“If individuals, organisations or promoters have an event to stage the Plains Events Team can assist. Email them at firstname.lastname@example.org or call 6746 1755. The Royal Theatre’s website provides updates on movies, events and venue hire and you can also download a hire request form at https://www.royaltheatrequirindi.com/.
“Events provide opportunity for economic flow on to local businesses that provide services and jobs as visitors spend time in town. This in turn underpins the basis of the rural lifestyle we enjoy in the Shire,” Councillor Hope concluded.
Earlier this year, the annual Garage Sale Trail was announced to be held at its usual date towards the end of October, however, due to COVID-19 this date was cancelled, and the organisers have now announced it will be held on Saturday 21 and Sunday 22 November.
Over the years of its involvement with the annual Garage Sale Trail, Liverpool Plains Shire Council (LPSC) has witnessed more people and organisations coming on board this national, people-powered program. This year the event celebrates its 10th anniversary and I’m encouraging people to put the date in their diary and to start planning now,” said Mayor Andrew Hope.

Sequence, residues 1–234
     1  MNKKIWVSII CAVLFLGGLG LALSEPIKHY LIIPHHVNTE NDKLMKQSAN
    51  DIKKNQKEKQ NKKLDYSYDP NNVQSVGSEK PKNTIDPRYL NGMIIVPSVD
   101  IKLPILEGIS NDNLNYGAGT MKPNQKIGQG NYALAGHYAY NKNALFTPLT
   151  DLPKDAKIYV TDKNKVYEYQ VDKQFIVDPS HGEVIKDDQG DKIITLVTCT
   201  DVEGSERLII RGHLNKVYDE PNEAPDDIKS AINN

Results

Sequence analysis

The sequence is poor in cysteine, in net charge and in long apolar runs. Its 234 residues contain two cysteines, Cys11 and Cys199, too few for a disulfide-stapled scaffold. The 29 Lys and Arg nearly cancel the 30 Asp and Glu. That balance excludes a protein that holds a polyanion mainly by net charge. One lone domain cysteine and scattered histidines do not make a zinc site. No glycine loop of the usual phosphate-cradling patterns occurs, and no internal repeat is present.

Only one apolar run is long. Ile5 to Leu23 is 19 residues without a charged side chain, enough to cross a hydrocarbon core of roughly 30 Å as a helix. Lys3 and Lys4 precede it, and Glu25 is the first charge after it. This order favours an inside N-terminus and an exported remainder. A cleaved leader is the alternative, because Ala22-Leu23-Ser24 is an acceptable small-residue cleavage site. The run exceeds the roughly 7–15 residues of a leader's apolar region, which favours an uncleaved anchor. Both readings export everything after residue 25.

“Garage Sale Trail is about sustainability, creativity and fun and is good for the environment while generating extra cash for individuals and organisations.
“The new date allows plenty of time, particularly for schools and community organisations, to consider how they can benefit from becoming involved and use the event as a fundraiser. Last year almost $1 million was raised nationally, with the average group topping $1,500 for the day,” he said.
“Individuals and organisations can pre-register now at www.garagesaletrail.com.au. Circle 21 and 22 November on your calendar and start thinking today about how your involvement with Garage Sale Trail can benefit you or your organisation,” Mayor Hope concluded.